Research illustrating a positive correlation between high risk gambling and feelings of social isolation were explored at the American Psychological Association (APA) annual meeting in Honolulu recently. Researchers conducted numerous experiments which proved their theory that lonely people are more likely to wager high amounts of money on gambling than people who aren't lonely.
The researchers articulated several concerns regarding their findings:
- Lonely people are more likely to risk, and lose, significant cash when gambling.
- Lonely people are more likely to be targeted by gambling companies who want to take their money.
Social Isolation: Definition
The researchers defined “social isolation” as the state of being alone or ostracized from a group. Whether the isolation is real or perceived is irrelevant to the research. A person's perception of their isolation, according to the experts, is what affects risk-taking behavior.
People can feel socially isolated for a variety of reasons. A widow who lives alone can feel socially isolated. A woman who is ignored at a party can feel socially isolated. A student who is bullied at school can feel socially isolated. The list of possible scenarios is endless.
The Danger is Increasing
The findings presented at the APA convention raised eyebrows for several reasons:
- Due to a weakened global economy, the gambling business is booming across the world. Money-hungry countries view gambling as a way to garner revenue for their ailing infrastructures. As gambling laws loosen, more casino and online gaming options become available.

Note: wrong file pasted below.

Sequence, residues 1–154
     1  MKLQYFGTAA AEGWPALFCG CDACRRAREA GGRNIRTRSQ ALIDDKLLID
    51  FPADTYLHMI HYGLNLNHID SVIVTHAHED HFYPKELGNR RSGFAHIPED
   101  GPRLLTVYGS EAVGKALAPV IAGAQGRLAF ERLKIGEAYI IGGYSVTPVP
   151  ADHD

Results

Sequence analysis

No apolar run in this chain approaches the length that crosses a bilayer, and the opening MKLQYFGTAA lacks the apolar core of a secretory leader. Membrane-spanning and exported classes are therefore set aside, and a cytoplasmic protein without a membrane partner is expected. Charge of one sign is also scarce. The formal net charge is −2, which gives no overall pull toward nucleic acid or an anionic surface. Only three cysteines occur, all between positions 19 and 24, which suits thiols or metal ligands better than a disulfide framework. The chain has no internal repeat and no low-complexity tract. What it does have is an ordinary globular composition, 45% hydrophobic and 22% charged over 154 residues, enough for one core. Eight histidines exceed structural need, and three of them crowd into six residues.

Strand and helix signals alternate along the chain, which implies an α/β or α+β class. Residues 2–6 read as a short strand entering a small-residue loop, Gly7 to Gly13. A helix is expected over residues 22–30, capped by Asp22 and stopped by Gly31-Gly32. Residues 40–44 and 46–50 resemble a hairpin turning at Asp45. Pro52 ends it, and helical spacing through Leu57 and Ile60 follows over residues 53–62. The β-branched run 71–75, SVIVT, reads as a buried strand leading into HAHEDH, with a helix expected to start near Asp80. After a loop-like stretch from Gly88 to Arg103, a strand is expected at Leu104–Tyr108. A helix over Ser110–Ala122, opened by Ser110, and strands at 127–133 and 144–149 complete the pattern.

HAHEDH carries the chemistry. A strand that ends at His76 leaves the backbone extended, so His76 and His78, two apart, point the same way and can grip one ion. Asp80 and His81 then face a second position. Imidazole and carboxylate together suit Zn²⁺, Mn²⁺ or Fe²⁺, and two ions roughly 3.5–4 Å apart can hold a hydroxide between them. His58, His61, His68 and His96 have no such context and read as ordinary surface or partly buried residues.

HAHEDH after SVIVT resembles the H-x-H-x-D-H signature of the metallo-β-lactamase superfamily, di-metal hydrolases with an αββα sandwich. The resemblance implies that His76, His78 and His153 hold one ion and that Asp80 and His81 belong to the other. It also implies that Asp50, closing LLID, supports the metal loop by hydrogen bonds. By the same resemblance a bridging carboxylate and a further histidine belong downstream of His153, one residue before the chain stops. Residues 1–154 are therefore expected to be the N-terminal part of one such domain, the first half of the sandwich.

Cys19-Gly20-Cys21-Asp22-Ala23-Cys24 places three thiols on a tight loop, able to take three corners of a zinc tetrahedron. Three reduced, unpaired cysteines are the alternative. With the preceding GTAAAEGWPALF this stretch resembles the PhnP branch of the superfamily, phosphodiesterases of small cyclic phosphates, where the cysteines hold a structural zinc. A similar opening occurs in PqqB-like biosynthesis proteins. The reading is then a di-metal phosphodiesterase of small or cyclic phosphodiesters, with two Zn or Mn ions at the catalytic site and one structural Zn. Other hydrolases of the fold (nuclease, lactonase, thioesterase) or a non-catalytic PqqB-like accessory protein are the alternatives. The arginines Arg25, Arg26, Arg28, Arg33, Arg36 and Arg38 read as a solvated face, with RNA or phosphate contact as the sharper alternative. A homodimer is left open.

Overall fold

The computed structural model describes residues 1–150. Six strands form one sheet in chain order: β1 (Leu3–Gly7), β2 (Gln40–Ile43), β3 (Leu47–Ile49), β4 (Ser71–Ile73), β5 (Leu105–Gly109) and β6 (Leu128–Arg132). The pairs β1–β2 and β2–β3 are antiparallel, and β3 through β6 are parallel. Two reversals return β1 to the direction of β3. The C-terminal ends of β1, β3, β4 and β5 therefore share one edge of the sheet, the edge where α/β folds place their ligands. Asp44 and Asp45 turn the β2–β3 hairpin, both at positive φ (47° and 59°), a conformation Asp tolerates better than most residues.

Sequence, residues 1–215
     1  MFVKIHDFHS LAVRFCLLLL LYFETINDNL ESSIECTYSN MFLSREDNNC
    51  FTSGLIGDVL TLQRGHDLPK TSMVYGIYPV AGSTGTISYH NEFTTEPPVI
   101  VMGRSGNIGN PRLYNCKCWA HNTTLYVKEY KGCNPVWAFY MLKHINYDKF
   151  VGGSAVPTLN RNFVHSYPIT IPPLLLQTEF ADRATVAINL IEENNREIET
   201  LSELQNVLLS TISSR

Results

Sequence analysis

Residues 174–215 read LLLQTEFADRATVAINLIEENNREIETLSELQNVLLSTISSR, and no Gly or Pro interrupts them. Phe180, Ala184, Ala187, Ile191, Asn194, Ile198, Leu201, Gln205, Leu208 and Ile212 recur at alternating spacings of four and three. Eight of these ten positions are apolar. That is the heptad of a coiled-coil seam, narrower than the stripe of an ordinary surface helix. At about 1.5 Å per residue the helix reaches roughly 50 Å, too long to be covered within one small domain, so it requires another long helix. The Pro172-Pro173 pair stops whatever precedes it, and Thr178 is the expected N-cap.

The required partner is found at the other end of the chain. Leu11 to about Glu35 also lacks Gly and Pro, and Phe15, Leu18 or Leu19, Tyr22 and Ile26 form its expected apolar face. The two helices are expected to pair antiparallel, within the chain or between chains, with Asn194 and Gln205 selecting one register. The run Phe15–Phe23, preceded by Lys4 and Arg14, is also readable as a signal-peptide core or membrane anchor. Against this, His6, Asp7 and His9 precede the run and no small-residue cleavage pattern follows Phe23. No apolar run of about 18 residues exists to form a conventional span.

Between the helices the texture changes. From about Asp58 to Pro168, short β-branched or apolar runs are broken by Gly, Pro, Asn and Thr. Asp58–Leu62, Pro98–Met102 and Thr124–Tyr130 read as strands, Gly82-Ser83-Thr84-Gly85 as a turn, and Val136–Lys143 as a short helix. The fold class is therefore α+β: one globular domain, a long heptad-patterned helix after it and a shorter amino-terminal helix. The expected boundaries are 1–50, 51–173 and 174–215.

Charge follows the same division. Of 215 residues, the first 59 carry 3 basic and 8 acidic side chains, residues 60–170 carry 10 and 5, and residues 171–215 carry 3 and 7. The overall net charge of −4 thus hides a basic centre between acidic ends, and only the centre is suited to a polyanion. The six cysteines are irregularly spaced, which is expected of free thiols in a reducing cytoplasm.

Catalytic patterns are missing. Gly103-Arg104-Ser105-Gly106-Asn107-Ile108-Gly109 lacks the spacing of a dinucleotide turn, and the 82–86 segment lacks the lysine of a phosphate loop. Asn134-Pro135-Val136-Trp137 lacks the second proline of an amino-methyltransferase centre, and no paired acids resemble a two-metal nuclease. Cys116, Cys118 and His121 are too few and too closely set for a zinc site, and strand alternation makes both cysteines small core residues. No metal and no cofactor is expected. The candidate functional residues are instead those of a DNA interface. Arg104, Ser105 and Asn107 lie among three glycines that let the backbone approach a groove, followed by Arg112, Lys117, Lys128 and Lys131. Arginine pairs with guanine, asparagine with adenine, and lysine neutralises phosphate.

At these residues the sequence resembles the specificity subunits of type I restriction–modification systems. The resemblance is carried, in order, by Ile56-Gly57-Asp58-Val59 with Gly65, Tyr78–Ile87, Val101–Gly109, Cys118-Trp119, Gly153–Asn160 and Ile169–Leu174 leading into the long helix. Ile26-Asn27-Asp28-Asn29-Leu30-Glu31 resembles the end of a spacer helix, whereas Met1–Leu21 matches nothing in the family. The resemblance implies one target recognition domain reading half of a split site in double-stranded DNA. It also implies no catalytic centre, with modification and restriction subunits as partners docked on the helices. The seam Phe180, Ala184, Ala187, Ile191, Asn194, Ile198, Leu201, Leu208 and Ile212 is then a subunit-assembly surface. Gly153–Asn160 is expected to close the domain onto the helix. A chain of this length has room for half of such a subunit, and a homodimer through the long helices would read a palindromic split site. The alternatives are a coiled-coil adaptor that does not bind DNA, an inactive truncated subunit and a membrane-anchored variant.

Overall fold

- . The reasons for this include higher divorce rates, resulting in more one-person households, and technological advances which prompt people to hide behind their computers rather than interact with one another.
With more gambling options available than ever before, and more loneliness in the world than ever before, the danger is clear: people everywhere are at an increased risk for problem gambling.
Researchers conducted several experiments examining the relationship between social isolation and high-risk gambling. Here are two of the significant studies:
Subjects played a ball tossing game on a computer. Some subjects received many tosses; others received few. The subjects who received fewer ball tosses were the “isolated” group. The subjects who received many ball tosses were the control group. After the ball activity, subjects were asked to choose between two different gambling options. Those who had received fewer ball tosses chose the riskier option, whereas those who had received a higher number of tosses chose the less risky option.
People on the street were asked to choose between low winning odds with a high cash payoff and high winning odds and a low cash payoff. The people were subsequently interviewed about their perceived degree of social isolation. Subjects who experienced a higher degree of social isolation were more likely to prefer riskier games with low winning odds and a high cash payoff. Subjects who experienced little social isolation were more likely to choose less risky games with high winning odds and a low cash payoff.